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Rosie Kay

Rosie Kay, one of the world’s leading choreographers, presents her extraordinary dance work, 5 SOLDIERS, at the Theatre Royal Bath on Sunday 14th May. 

Photo credit: Tim Cross

Renowned for her strong, intelligent work that tackles interesting subjects, Rosie’s thrilling choreographic vision tells the story of five men and women serving on the frontline. Full of honesty and with powerful physicality and moments of humour, 5 SOLDIERS is inspired by input from serving and former soldiers.


Here Rosie Kay tells us how her career as a dancer started, how it felt to choreograph the live Handover Ceremony for the Commonwealth Games and what audiences can expect from her dance work, 5 SOLDIERS.

What inspired you to start dancing?


I really danced from when I could walk! I always remember dancing - I remember dancing with the waves on holiday, and then I begged my mum to let me go to ballet classes when I was three. I found a really good school and I just loved training - I would travel across Devon on three buses to get to classes almost every night. I didn’t realise you could do it as a job - it was only in my teens when I started to think that I could give it a go as a profession, but everyone warned me how hard it would be. I discovered contemporary dance and then auditioned, and I got into London Contemporary Dance School.

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Photo credit: Light Attitude

5 SOLDIERS - Photo by Tim Cross.jpg

Photo credit: Tim Cross

How did it feel to choreograph the live Handover Ceremony for the Commonwealth Games watched by over 1 billion people worldwide?


I don’t think I’ve ever had more nerves in my life! That show depended on 700+ amazing dancers all being in exactly the right place at exactly the right second, and a huge technical team where about a million things could go wrong! The show was choreographed to the second, so if one thing went out of time, the whole thing went out of synch. We shot and broadcast it live, which I think is the longest live single-shot broadcast ever. The ceremony was going on later than planned in the Gold Coast, so for every minute delayed, we were at risk of losing our satellite link up! I also had to keep 700+ warm and prepared, who were all waiting in the slightly cold April day about to perform. But it was all worth it! The joy and warmth that bursts out the screens to you - I think it painted Birmingham as an extremely welcoming place.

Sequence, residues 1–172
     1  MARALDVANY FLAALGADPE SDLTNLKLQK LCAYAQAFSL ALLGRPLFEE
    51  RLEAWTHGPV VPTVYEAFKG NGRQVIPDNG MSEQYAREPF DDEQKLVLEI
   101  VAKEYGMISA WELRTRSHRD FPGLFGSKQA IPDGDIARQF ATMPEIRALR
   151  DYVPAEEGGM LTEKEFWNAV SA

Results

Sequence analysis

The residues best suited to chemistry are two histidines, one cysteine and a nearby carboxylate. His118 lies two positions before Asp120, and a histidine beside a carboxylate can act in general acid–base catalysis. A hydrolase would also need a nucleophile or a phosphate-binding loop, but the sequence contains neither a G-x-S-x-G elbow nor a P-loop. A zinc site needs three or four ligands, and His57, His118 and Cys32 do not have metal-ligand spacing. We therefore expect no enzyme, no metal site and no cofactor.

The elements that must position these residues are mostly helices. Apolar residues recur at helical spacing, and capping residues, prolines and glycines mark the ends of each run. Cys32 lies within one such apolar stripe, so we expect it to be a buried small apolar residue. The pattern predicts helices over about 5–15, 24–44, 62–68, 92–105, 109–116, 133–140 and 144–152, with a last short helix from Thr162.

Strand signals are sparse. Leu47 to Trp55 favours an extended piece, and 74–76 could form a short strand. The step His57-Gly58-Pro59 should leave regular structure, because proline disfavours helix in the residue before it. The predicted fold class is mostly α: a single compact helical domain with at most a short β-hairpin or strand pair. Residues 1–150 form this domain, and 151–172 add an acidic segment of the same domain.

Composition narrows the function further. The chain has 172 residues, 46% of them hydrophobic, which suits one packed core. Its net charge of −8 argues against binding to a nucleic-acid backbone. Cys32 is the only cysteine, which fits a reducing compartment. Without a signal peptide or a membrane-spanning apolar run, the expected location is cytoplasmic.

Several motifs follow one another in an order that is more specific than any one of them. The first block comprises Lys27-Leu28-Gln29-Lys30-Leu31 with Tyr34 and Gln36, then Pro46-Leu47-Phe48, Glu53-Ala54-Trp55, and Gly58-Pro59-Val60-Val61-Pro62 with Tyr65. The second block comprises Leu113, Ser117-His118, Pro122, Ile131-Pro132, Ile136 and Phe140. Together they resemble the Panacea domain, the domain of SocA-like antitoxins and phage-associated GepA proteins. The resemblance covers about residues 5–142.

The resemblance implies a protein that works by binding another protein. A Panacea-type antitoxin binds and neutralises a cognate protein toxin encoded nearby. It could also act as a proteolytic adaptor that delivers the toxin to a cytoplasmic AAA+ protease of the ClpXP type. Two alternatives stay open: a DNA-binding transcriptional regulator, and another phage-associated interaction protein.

With such an illustrious career roster, do you have a moment or highlight of your work so far that you have enjoyed the most?


I love the way my job can take me into really different worlds. For example, with 5 SOLDIERS I embedded with an infantry battalion to see how they train and prepare for war. With Romeo + Juliet I spent time with West Midlands Police and working with schools to look at gangs and knife crime. But for me, one of the best moments is when you are in the studio, and you do your first ever full-run of a new show. Nobody else is there yet, it feels so intimate and special. Dance is a really magical art form - nothing exists beforehand - just a vision or an idea, but through collaboration and through often lots of hard work, a language is created, roles become real and a story is told. I love that moment. I also still really enjoy performing. I thought I’d given up 8 years ago, but I retrained through Covid, accepting the limitations of my older, injured body, and returned to the stage with a solo show in 2021. That was a real career highlight, because I made my first (and probably last) show about my own life.

"That show depended on 700+ amazing dancers all being in exactly the right place at exactly the right second, and a huge technical team where about a million things could go wrong!"

Production photographs by Manuel Harlan

What was your inspiration for 5 SOLDIERS?


I suffered a serious injury on stage back at the peak of my performing career and was told I’d not dance again and it would take about a year for me to walk normally. Following the operation, I think the general anaesthetic had a strong effect on me, and I dreamt I was lying on a desert battlefield, with bombs and flamethrowers etc, and I realised my leg had been blown off. It made me think really profoundly about my body, injury and my will to keep dancing and keep performing. It was the time of the Iraq war, and when I went downstairs to make a coffee, the faces of young soldiers killed came up on the TV screen. I stood there and wondered how on earth do you train and prepare a body for war? Injury can be a big part of a dance career, but we don’t risk our lives. Maybe I, as a choreographer, could get inside the heads and boots of soldiers and actually feel what it might be like to do this. I had long been interested in war and creativity - war art, war photography, the war poetry of WW1, but the medium of a soldier’s job is their body. Perhaps I could bring a unique perspective into something that honestly, I found quite terrifying and huge.